On June 1 the Chinese government kicked off its second annual Cybersecurity Week in Beijing. The Cyberspace Administration of China, Ministry of Education, and Ministry of Public Security jointly organized multiple exhibitions aimed at educating the public about Internet security risks.
Regular reports about Chinese-sponsored hacks of Western governments and corporations have well informed the public of the threat China poses to others. However, little focus has been placed on the state of cybersecurity within China itself. This event highlights China’s insecurity about its vulnerability to cyber attacks, at a time when it is relying upon greater integration of information technology to propel future economic growth.
Chinese leaders understand that their country has become a breeding ground for thousands of hackers who are increasingly as willing to target their fellow countrymen as they are foreigners.
One reason for this is that in China the targets are easy. The results of a survey released by the Ministry of Industry and Information Technology paint a sobering picture of the state of security awareness in the general public. An overwhelming majority of those surveyed confessed poor password security practices:
- 81 percent said they rarely changed their passwords
- 76 percent admitted they use the same password across multiple accounts
- 60 percent of respondents use easily deciphered passwords such as birthdates, phone numbers, or simply strings of letters or numbers (e.g. “123456” or “abcabc”).
The result: More than 55 percent of those polled had been victims of online fraud. Compounding the problem is that only about 12 percent of these victims reported the crime. About 17 percent chose to ignore the theft because the amount stolen was small, and 26 percent claimed not to have known how to deal with the theft.
The Chinese public’s vulnerability to data breaches, however, is not merely the result of poor personal computing practices. Larger societal factors are also at work.
The government and business community (both state-owned and private) are contributing massively to the proliferation of new hackers. The People’s Liberation Army (PLA), China’s armed forces, officially acknowledged in 2013 the existence of several offensive cyber warfare divisions. For example, the infamous Unit 61398, which was exposed in 2013. Despite previously denying the existence of these forces, the PLA has been actively searching for talent to fill its ranks for years, even sponsoring hacking competitions for university students.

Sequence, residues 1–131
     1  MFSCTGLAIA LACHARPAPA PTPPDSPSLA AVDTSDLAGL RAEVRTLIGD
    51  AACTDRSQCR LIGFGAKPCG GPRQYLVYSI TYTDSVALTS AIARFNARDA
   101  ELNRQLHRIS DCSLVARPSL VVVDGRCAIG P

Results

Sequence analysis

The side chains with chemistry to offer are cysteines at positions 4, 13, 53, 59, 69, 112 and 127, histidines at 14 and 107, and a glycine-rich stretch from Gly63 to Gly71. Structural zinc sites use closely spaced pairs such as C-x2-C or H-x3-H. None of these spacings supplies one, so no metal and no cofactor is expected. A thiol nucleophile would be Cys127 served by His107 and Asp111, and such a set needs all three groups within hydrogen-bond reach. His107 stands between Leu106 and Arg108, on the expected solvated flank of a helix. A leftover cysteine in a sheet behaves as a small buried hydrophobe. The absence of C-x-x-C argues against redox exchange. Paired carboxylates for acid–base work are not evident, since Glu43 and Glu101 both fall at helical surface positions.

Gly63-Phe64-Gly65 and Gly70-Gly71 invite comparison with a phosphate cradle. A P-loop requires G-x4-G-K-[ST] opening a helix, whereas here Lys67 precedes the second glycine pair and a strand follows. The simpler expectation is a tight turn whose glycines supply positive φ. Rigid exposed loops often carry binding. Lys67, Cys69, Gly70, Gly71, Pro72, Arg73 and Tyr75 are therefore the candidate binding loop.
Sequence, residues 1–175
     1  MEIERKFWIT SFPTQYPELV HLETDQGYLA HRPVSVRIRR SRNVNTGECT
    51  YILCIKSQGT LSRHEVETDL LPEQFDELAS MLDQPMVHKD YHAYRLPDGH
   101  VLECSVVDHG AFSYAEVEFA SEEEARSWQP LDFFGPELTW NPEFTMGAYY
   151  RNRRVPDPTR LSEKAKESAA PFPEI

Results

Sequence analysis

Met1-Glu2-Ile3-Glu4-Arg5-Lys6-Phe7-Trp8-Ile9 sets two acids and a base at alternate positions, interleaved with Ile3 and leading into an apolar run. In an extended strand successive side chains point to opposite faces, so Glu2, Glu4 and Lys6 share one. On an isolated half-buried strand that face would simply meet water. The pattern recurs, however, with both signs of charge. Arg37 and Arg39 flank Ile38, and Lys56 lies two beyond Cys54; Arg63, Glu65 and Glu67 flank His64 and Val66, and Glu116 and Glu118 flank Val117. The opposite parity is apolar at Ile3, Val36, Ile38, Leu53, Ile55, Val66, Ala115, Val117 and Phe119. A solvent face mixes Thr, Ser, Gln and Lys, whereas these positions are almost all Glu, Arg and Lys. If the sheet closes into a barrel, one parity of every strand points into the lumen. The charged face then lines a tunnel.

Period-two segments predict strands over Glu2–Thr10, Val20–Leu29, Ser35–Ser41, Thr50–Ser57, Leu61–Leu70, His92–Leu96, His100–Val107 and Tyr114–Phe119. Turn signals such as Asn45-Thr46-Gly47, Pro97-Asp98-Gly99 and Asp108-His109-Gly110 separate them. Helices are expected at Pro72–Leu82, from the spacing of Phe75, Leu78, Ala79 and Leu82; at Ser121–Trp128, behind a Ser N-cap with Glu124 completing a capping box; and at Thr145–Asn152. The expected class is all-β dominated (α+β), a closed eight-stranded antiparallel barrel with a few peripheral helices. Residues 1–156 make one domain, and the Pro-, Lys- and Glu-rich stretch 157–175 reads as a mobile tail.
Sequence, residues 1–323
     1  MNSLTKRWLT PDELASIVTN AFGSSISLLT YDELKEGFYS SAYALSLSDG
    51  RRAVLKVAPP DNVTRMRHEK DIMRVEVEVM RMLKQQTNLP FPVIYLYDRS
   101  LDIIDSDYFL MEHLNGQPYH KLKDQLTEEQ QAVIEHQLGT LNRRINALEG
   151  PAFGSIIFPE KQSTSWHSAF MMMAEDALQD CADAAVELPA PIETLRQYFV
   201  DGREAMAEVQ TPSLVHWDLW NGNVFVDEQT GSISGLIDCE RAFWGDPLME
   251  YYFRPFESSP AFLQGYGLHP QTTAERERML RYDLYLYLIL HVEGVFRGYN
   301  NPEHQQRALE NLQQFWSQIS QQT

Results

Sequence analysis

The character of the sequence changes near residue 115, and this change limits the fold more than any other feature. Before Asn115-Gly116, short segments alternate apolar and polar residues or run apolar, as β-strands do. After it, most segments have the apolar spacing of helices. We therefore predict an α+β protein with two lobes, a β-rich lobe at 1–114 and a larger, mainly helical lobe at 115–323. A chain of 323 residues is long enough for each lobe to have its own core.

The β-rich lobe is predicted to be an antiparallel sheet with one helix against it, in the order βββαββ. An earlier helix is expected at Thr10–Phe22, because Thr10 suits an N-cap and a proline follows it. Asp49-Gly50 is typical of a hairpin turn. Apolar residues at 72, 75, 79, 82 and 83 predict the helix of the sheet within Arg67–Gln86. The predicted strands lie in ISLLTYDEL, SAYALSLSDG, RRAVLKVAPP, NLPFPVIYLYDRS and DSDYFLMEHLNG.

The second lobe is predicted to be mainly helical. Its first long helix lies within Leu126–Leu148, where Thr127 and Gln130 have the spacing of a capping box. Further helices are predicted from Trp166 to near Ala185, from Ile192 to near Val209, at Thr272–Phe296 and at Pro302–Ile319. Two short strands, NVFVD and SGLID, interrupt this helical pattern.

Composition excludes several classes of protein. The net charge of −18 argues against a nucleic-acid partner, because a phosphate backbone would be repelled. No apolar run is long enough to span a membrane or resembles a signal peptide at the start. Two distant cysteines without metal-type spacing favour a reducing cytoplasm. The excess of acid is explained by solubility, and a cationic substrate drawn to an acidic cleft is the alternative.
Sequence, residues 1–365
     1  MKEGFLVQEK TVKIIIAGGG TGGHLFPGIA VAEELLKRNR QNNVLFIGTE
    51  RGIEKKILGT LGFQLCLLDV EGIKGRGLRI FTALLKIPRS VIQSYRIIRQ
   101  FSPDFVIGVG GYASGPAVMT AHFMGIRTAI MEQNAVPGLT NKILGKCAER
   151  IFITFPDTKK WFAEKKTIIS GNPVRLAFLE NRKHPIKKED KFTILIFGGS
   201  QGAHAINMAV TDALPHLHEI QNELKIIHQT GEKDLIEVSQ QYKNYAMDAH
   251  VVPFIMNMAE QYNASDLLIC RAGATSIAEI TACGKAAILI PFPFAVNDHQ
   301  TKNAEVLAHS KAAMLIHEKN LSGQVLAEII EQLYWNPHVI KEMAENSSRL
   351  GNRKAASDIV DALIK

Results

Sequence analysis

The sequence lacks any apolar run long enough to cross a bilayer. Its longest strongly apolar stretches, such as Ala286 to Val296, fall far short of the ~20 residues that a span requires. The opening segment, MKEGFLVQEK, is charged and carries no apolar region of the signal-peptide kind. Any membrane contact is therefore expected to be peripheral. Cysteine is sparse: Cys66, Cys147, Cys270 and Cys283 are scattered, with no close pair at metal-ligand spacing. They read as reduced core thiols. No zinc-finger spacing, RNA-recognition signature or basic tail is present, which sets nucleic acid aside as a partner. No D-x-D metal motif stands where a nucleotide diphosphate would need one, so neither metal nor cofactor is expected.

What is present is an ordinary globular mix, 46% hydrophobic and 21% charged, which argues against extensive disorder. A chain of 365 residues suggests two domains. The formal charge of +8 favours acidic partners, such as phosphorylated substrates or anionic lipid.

However, the most talented and dangerous hackers are more likely to be employed as freelancers in the far more lucrative private sector. These “hackers for hire” can earn six figure salaries helping companies get ahead of their competition by stealing trade secrets or even damaging networks. Chinese companies have little to fear from employing hackers. The notoriously inefficient and corrupt state of the Chinese legal system discourages lawsuits between firms. Going to the police is also another likely dead-end, as local law enforcement agencies are engaging the services of the same freelance hackers to track dissidents and silence political opposition.
For firms currently operating in China a data breach, like anywhere, is inevitable. In the near term, businesses should focus on hardening their defenses. Having a circumspective security plan in place, with all the associated Intrusion Detection Systems and Intrusion Prevention Systems (IDS/IPS), is an obvious first step. As the state of the Chinese cybersecurity consultancy market is still nascent and tainted by allegations of fraudulent practices, having a Western cybersecurity firm on retainer can help. Providing thorough and regular security awareness training to employees is also critical.
In the long run, the evolving nature of China’s economy will likely reduce the threat of cyber attack – at least from domestic hackers. As the government pursues its “Internet Plus” strategy for economic growth, more and more businesses will be incentivized to incorporate technologies such as cloud computing, e-commerce, and “smart” devices into their businesses. This reliance on a “safe” Internet will inevitably lead to legal and security reforms that, on top of current anti-corruption efforts, should provide ample recourse for future victims of cyber attacks and a disincentive for would-be hackers.